The Latino population wave that helped transform American cities has tapered off in many metropolitan areas since the recession, although the growth dip was not as pronounced in Nebraska.
"You're not going to have as big a drop-off as in other places that might have been more reliant on construction and other industries tied to the (housing) bubble and the bust," said William Frey of the Brookings Institution Metropolitan Policy Program.
Frey's analysis, released Tuesday, found that of 107 large and small metro areas where the number of Latinos doubled between 2000 and 2010, almost all showed a slowdown in Latino population growth by the end of the decade, a change that the researcher says has economic and political implications.
Much of those metro areas' growth over the decade stemmed from demand for workers in construction and other low-skilled industries in rapidly growing parts of the country. Late-decade economic woes, Frey said, curtailed Hispanic growth in those "new destinations."
While the Omaha and Lincoln metro areas followed the general trend, the local slowdown was not as dramatic.
In the Las Vegas area, for example, the Latino growth rate fell from 8 percent in 2005-2006 to 2.4 percent in 2009-2010, and in the Atlanta area it dropped from 8.8 percent to 3.6 percent.
In the Omaha-Council Bluffs metro area, the Hispanic growth rate went from 6.6 percent to 5.2 percent during those same periods, and in the Lincoln area it declined from 7.8 percent to 5 percent.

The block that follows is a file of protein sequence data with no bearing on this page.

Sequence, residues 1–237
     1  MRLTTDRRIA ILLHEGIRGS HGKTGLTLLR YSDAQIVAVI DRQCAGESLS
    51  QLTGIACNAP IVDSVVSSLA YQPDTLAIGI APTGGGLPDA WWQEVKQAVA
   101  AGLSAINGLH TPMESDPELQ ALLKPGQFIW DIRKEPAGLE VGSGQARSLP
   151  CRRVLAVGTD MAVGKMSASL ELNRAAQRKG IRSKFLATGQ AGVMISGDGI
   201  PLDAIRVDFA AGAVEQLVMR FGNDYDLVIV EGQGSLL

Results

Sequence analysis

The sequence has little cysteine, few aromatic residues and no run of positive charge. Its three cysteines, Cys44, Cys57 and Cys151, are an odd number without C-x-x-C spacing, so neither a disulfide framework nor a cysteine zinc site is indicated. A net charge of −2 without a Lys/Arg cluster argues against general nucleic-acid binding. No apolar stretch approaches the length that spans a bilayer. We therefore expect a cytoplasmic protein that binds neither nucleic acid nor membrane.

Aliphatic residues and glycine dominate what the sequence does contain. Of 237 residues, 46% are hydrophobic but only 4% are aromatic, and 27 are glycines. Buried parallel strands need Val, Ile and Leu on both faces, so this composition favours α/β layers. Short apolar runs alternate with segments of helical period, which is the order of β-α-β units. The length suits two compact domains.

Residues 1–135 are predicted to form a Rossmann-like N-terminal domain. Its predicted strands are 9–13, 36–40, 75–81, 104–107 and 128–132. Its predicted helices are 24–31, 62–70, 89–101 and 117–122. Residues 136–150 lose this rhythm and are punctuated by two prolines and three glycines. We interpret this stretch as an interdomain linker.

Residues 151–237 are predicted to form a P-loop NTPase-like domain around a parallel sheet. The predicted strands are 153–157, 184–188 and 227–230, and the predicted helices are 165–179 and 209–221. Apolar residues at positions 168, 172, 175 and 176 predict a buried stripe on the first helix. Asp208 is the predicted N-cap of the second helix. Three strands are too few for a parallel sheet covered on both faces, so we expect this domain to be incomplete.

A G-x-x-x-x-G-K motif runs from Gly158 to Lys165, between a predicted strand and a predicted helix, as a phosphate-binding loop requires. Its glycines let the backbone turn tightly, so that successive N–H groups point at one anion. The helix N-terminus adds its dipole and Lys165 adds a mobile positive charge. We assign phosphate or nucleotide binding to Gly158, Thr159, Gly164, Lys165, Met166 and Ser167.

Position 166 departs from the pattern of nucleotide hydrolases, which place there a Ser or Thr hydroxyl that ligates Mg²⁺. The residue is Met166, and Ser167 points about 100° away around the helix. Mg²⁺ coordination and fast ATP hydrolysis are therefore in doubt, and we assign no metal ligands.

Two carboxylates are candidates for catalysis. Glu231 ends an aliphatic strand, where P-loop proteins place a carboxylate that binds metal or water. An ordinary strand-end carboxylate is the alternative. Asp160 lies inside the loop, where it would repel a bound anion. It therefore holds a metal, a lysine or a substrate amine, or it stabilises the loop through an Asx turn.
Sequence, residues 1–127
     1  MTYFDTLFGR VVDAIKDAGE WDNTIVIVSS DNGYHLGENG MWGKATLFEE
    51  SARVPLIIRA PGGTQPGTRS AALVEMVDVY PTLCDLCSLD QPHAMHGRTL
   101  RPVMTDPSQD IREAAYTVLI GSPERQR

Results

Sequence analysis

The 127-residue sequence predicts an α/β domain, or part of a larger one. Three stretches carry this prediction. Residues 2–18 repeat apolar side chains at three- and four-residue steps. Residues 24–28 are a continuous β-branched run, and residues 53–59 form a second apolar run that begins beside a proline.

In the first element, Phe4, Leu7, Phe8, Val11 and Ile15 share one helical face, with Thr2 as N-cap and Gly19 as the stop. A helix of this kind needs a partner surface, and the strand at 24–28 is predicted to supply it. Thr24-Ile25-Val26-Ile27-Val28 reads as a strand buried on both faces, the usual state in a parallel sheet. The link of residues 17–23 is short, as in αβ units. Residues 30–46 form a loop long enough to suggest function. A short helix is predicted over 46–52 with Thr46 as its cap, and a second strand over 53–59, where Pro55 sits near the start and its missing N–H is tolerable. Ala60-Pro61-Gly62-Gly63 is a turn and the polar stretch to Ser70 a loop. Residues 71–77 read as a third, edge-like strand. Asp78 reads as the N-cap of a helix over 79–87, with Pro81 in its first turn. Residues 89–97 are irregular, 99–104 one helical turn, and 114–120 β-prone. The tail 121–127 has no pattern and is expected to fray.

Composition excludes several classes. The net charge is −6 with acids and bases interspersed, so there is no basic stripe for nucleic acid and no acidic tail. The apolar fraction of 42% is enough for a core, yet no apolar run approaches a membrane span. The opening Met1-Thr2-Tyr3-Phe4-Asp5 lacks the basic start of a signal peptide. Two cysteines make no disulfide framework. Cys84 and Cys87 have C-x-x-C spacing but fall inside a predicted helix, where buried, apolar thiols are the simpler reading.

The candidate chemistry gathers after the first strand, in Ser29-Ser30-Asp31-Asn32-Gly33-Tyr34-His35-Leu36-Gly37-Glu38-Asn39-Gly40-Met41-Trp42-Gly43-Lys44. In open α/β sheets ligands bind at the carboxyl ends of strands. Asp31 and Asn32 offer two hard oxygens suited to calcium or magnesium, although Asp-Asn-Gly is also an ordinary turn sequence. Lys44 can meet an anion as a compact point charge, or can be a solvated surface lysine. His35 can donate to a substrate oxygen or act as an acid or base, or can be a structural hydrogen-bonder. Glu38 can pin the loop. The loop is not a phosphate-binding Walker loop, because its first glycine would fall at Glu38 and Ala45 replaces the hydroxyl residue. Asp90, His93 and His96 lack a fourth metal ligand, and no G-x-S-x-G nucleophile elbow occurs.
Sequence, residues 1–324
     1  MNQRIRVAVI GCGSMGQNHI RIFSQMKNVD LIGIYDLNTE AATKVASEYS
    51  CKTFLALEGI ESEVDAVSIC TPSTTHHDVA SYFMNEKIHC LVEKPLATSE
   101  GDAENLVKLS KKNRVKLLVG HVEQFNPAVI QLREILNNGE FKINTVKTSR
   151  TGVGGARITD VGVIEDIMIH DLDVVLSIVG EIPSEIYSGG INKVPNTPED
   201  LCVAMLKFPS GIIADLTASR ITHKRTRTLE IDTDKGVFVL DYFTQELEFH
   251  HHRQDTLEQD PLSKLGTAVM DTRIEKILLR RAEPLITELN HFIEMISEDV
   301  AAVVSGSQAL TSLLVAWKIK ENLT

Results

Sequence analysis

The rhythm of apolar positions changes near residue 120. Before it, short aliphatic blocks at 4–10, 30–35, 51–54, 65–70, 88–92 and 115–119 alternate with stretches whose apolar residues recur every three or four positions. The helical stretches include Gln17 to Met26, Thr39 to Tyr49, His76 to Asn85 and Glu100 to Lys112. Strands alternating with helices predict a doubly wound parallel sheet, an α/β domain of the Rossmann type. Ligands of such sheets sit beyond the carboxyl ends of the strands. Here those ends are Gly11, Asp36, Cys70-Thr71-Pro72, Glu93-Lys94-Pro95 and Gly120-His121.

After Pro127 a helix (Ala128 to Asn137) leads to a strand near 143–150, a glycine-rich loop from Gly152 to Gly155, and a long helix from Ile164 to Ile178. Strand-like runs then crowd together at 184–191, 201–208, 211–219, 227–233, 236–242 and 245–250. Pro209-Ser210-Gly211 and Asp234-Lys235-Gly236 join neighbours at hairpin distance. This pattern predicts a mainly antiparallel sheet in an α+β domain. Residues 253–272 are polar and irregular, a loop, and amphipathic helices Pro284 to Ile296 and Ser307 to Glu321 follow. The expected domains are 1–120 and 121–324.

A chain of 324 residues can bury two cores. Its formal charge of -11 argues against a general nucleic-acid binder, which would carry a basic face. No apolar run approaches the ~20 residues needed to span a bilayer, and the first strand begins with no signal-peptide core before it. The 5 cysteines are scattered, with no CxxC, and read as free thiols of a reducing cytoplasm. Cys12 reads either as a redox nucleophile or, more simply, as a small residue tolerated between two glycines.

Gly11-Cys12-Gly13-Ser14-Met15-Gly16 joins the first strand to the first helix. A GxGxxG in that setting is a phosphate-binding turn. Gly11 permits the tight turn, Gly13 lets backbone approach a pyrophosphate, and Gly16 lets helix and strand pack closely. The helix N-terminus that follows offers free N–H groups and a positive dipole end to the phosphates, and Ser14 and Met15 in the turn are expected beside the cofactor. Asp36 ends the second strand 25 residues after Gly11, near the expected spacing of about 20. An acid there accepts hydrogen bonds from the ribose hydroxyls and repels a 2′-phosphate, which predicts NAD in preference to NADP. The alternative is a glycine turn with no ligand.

Of the national trend, Frey said: "It kind of stopped on a dime. The big turndown in growth is pervasive."
Some of the slowdown can be attributed to a sharp drop in immigration to the U.S. over the last part of the decade, Frey's report said. However, much of it has to do with a retrenchment to major Hispanic settlement areas. Los Angeles and New York, for example, showed increases in Hispanic population in the last three years of the decade.
In an interview with The World-Herald, Frey said Omaha's Hispanic population was probably less affected because the area has not been hit as hard by the economic downturn that began in 2007, or the subsequent housing crisis that cut construction and roads jobs.
Omaha's growth "was not fueled by cheap mortgages and good deals on houses," Frey said. "So when the migration meltdown came and affected almost all parts of the country, a lot of people who might have wanted to leave Omaha stayed there."
A separate look at statewide census figures shows that the Cornhusker State overall had about the same percentage growth of Hispanics in the middle part of the decade (2005 to 2006) as at the end (2009 to 2010).
And in the 10 Nebraska counties with the most Hispanics, half had a higher Latino growth rate at the end of the decade than in the middle. Unlike in Frey's analysis, not all of those counties doubled their Hispanic population since 2000.
Colfax County, which includes Schuyler, is among the places where the Hispanic growth rate has not tapered off. The growth rate in 2005-2006, the census shows, was nearly 2 percent compared with about 8 percent in 2009-2010.
Robin Stevens, superintendent of mostly Hispanic Schuyler Community Schools, said the district continues to plan for a rise in student enrollment, although it expects about 30 new students next year compared with an average of 50 annually in the past 12 years.